Monday 11 September 2017
By Hoa Luu

The latest buzz word to hit the housing market is around ‘intergenerational living’. The aptly named term describes a growing trend amongst families the world over to shy away from buying a traditional family home, in preference for something a little more enduring – something that will stand the test of time from a practical perspective, when and if, their children flee the nest – that’s right, ‘if’.

According to the 2016 census nearly 12 per cent of 25-34-year-olds, or close to 400,000 young adults are still living at home[1]. When considering 2011 census stats report 94% of Australians 65 or older live in private, non-specialised housing, suddenly things start to make sense [2].

From a future housing perspective, this will mean incorporating agility into the planning and design process to ensure they can be altered down the track to suit the changing needs of occupants. Characteristics of such houses may include those which can be easily subdivided or ‘zoned’ to provide teenagers with their own space, and perhaps later a live-in carer or family member/s looking after ageing parents. They may also include designs that can be retrofitted with the appropriate technology or devices to assist occupants ageing in once place, and therein remove reliance on the public system and specialised housing alternatives.

Examples of how Ginninderry, our partner builders and industry experts are meeting this demand are conveyed through our range of Streetscape homes and the McDonald Jones Homes Duo Living range:

Streetscape

These free-standing houses are built on mid-sized blocks, with characteristic easy to maintain front gardens, entrances and rear-access garages. For select blocks, our Streetscape homes will also offer what’s called a ‘Fonzie Flat’ or studio. This self-contained dwelling will sit above the garage at the back of the property, providing additional space and privacy for teenagers, young adults, live-in carers or guests.

Managing Director of Vantage Strata, Chris Miller, is currently working with the Ginninderry project to advise on ways of incorporating aspects of intergenerational living, into strata-titling for our streetscape homes.

“In almost every mature city throughout the world, a range of flexible living options make up a significant part of the property market. Much of this is driven by cultural differences, such as in parts of Europe where a family home often includes the older generation either in the same home or very close by.

In Australia, we have an ageing population and we are grappling with a potential under-supply of appropriate facilities for the senior members of our community. There has been much talk about the shift towards ‘assisted living’ and ‘retirement’ communities, as distinct from full service ‘nursing home’ facilities. It seems logical that a part of the solution should come from innovations such as the ‘Fonzie Flat’ properties being delivered at Ginninderry. It is easy to see how these properties would lend themselves to the traditional Australian ‘nuclear’ family, while having the added benefit of accommodating the senior generation of the same flock.

At the other end of the spectrum, it is equally easy to see how a young adult might be able to gain a foothold of independence by moving from the ‘family home’ into their own space, while retaining a close connection to the family. In that light, this type of property might provide a useful and safe ‘stepping stone’ for those who are leaving the nest for the first time, so to speak.”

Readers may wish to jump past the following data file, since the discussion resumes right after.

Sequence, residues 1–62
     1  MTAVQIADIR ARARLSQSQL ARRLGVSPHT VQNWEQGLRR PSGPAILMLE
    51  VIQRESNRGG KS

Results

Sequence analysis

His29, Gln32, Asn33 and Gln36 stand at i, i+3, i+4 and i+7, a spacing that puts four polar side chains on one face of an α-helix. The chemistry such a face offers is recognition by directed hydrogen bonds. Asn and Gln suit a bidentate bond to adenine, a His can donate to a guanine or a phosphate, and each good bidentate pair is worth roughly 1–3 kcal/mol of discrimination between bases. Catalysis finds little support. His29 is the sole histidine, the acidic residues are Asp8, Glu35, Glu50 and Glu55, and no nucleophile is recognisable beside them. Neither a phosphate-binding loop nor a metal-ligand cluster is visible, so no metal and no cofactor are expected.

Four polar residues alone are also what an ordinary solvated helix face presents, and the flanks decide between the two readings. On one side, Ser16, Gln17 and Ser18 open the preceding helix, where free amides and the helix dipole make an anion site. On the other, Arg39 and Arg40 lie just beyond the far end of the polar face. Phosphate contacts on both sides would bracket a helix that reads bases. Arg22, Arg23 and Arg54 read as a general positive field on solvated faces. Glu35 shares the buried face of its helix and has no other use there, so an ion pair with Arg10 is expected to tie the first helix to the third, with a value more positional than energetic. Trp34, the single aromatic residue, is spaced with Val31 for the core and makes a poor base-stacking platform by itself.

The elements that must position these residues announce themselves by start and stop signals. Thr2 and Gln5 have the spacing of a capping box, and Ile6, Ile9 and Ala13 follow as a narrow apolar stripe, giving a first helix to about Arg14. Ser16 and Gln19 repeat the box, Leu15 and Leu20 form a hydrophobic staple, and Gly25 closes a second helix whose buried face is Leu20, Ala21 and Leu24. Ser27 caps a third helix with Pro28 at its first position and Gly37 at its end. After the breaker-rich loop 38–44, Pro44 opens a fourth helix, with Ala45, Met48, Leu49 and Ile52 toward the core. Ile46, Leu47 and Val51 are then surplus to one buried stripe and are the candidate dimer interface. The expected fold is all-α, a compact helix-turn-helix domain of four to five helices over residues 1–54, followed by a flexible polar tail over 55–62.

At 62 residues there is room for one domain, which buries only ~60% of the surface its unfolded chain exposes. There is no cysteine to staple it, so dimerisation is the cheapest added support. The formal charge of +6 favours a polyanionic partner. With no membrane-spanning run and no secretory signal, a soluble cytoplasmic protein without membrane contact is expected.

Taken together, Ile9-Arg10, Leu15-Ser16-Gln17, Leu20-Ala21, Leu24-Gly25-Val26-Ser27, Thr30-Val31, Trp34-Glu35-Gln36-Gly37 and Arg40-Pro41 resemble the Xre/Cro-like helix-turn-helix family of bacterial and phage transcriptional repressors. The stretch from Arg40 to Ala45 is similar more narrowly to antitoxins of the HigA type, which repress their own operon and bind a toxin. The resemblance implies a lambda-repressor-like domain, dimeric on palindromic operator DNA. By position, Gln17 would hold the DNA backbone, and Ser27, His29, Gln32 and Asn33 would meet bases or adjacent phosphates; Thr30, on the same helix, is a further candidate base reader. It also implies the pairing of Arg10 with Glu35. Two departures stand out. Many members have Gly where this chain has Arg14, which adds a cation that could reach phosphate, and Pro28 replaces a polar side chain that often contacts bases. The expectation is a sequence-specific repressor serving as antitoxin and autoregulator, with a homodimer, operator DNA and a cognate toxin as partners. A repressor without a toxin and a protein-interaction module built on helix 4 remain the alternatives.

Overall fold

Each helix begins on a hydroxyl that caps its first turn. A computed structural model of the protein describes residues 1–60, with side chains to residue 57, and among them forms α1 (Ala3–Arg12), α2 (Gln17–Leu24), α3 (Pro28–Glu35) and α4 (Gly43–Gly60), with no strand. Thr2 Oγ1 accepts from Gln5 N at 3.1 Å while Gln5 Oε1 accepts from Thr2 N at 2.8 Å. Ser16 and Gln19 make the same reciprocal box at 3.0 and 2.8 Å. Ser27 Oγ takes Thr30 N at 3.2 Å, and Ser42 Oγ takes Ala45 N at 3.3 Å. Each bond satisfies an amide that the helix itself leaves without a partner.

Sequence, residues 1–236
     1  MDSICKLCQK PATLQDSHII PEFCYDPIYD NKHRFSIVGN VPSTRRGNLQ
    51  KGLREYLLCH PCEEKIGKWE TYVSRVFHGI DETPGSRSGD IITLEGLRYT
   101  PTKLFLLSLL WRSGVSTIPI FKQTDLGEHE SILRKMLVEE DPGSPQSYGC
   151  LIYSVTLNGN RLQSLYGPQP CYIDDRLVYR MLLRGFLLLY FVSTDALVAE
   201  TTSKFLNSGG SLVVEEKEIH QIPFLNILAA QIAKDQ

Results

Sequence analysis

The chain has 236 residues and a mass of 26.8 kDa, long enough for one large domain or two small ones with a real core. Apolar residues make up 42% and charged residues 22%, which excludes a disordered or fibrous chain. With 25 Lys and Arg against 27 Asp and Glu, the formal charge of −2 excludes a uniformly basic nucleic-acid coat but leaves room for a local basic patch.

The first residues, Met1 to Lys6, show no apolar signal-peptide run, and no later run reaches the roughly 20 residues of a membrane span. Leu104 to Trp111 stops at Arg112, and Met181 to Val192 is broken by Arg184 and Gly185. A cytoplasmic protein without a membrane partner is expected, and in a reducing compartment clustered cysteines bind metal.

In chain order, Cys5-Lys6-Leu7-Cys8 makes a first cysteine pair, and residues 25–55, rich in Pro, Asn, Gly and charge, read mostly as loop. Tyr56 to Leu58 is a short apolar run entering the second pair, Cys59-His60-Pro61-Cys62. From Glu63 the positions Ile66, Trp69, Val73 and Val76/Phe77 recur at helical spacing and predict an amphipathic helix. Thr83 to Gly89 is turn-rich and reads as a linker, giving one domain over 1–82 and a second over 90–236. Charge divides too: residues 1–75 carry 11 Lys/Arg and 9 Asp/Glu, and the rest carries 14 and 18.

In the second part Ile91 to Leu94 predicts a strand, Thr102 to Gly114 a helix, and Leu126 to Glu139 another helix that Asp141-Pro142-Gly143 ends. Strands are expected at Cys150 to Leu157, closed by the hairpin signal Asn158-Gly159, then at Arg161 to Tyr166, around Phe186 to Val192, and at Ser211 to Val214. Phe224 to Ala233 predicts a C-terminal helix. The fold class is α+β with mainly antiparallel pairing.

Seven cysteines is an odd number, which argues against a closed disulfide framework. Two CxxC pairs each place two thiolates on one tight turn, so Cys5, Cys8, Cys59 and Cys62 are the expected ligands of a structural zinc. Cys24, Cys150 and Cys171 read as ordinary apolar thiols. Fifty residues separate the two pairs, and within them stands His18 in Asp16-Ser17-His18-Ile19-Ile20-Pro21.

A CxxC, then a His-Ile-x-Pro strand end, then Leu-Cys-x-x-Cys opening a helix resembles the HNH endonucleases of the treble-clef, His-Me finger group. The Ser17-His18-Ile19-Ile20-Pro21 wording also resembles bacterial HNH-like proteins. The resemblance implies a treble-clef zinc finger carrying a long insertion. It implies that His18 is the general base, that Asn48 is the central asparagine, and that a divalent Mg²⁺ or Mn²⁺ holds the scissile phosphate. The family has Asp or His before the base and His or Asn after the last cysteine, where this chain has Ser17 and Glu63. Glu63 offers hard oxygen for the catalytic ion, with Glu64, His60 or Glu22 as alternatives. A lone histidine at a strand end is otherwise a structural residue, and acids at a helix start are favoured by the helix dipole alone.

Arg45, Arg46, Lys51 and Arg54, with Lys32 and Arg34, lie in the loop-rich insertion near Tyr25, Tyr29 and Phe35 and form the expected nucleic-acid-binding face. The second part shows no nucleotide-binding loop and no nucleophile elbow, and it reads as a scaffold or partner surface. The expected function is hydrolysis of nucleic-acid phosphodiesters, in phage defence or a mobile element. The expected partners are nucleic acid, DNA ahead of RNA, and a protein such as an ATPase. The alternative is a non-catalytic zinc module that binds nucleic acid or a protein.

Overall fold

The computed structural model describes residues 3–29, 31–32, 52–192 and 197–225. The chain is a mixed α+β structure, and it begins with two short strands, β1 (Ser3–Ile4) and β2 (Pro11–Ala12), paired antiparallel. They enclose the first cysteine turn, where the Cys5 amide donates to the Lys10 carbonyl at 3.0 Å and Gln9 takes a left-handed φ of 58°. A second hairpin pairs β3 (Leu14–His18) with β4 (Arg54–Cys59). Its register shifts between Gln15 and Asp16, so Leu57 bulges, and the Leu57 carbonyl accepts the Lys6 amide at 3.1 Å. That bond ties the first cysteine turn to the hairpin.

Chris is thinking of buying a Streetscape block for an investment and as a primary place of residence for he and his mother. The studio above the garage arrangement with the main house at the front of the Streetscape block provides the flexibility to have two families living together, while allowing the units to be strata-titled for the benefit of future sale.

Click here for more information on our Streetscape housing designs.

Duo Living

The unique Duo Living range offers independent, dual living spaces under one roof. Each cleverly designed home features three generous bedrooms including a master suite with large walk in robe and ensuite, stylish gourmet kitchen, open plan living and dining area, alfresco cabana and in some instances, a home theatre. The additional living area, or ‘retreat’ as it’s called, is perfectly suited to teenagers requiring newfound independence, a haven for young adults, elderly parents or shared tenants. The guest suite, kitchenette and open plan living/dining area ensures complete privacy, within easy distance from the main living areas and laundry.

“From a local’s perspective, I see Duo Living as addressing the ‘missing middle’ in the existing housing market”, says Jason Bisa, General Manager ACT McDonald Jones Homes.

“What we deliver with our Duo Living designs fills this gap in the provision of a viable, economical solution to integrated living; one that fulfils an evolving social, lifestyle and community need for comfortable, universal living.”

The flexibility to accommodate all lifestyles is a characteristic of intergenerationally-designed homes. For the Ginninderry project, this means ongoing collaboration with the ACT Government Planning Department, to ensure existing planning regulations are flexible enough to accommodate a shift in social trends regarding occupant needs, wants and requirements.

 

Head to The Link this Sunday 17 September from 9am-5pm, as we celebrate Sustainable House Day 2017 by bringing in the experts to discuss housing design, energy efficiency and sustainability measures for the future. Click here for more information.

 

[1] Farrelly, Kate. Allhomes

[2] Newton, Clare. The Conversation